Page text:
Note: pointer - pointer has a premise that two pointers point to the same area

Let's actually use it:

Use the above knowledge to write a function to find the string length

```#include <stdio.h>

int my_strlen(char* s)
{
char* start = s;//Represents the address of the first element
while (*s != '\0')
{
s++;
}

return s-start;// The address of slash 0 minus the address of the first element is the length of the string
}

int main()
{
char arr[] = "abcdef";
int len = my_strlen(arr);
printf("%d\n", len);

return 0;
}
```

### 4.3 pointer relation operation

The relational operation of pointers is to compare the size of pointers

Let's look at a piece of code:

```for (vp = &values[N_VALUES]; vp > &values[0];)
{
*--vp = 0;
}
```

Code simplification, which modifies the code as follows:

```for (vp = &values[N_VALUES - 1]; vp >= &values[0]; vp--)
{
*vp = 0;
}
```

Which of the above two coding methods is good?

In fact, most compilers can successfully complete the task. However, we should avoid simplifying the writing method, because the C language standard does not guarantee its feasibility.

Standard provisions:

A pointer to an array element is allowed to be compared with a pointer to the memory location after the last element of the array, but it is not allowed to be compared with a pointer to the memory location before the first element.

Draw a picture to understand:

## 5. Relationship between pointer and array

• An array is a continuous space with elements of the same type;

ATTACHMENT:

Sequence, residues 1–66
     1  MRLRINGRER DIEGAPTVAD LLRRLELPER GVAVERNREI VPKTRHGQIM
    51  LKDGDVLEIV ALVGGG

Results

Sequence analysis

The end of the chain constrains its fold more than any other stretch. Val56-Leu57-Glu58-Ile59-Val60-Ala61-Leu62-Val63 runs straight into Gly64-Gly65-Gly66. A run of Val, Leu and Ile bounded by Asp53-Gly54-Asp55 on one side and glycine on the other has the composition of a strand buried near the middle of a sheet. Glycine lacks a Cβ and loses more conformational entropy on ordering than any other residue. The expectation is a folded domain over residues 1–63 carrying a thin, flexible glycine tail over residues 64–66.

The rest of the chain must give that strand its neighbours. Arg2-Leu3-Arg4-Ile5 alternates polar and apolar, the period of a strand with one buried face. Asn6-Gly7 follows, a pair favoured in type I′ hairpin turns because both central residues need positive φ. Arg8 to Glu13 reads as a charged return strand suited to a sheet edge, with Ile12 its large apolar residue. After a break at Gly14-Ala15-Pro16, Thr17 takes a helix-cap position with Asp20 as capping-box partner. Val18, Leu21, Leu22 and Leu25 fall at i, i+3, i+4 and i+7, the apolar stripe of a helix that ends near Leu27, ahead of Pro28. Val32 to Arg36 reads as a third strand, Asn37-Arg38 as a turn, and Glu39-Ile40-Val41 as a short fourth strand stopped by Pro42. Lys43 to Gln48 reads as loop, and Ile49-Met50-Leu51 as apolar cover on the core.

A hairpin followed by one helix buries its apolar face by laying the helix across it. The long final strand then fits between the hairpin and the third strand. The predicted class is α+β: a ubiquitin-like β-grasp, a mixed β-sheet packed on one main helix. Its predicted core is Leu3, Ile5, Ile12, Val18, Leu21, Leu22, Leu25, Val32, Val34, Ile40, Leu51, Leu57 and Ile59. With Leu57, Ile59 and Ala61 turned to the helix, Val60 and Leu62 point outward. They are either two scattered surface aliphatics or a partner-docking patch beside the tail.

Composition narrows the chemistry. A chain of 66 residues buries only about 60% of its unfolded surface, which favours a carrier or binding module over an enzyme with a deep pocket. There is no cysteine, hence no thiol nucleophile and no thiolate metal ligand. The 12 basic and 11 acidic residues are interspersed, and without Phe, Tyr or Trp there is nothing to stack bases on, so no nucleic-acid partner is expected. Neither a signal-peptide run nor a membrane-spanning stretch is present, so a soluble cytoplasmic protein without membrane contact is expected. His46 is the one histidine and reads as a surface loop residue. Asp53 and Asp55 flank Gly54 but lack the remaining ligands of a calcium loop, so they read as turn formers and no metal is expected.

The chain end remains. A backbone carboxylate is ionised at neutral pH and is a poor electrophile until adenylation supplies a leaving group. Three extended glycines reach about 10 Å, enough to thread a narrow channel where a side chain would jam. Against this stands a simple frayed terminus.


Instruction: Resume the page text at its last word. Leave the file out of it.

The size of the array is related to the element type and the number of elements.

• A pointer (variable) is a variable that places an address;
The size of the pointer is 4 / 8 bytes.

Here I tell you: the array name is the address of the first element
So we can access the array with a pointer:

```#include <stdio.h>

int main()
{
int arr[10] = { 0 };
int* p = arr;
int i = 0;
int sz = sizeof(arr) / sizeof(arr[0]);

for (i = 0; i < sz; i++)
{
*(p + i) = i;
printf("%d ", *(p + i));
}

return 0;
}
```

### 6. Secondary pointer

First of all, let's think about the problem: the pointer variable is also a variable. If it is a variable, it has an address. Where is the address of the pointer variable stored?

Let's read a piece of code and draw a picture to explain:

```#include <stdio.h>

int main()
{
int a = 10;//The occupied space is 4 bytes
int* p = &a;//p is the first level pointer
int** pp = &p;//pp is the secondary pointer
//Theoretically, you can have unlimited sets of dolls?
return 0;
}
```

This is the secondary pointer.

How do we access the secondary pointer?

Write code directly and draw pictures to explain:

```#include <stdio.h>

int main()
{
int a = 10;//The occupied space is 4 bytes
int* p = &a;//p is the first level pointer
int** pp = &p;//pp is a two-level pointer, which can be set infinitely in theory?

**pp = 20;
printf("%d\n", a);//a here prints out 20

return 0;
}
```

As for the secondary pointer, we can stop here. I will explain the later knowledge in the pointer blog of [advanced C language]! Please look forward to it!!!

## 7. Pointer array

Is a pointer array a pointer or an array?
Answer: it's an array. It's an array that holds pointers.

```int* parr[5];//Array of integer pointers
char* pc[6];//Array of character pointers
```

Pointer array is essentially an array. Many knowledge points are the same as ordinary arrays!

So there is no too much explanation, everyone understands!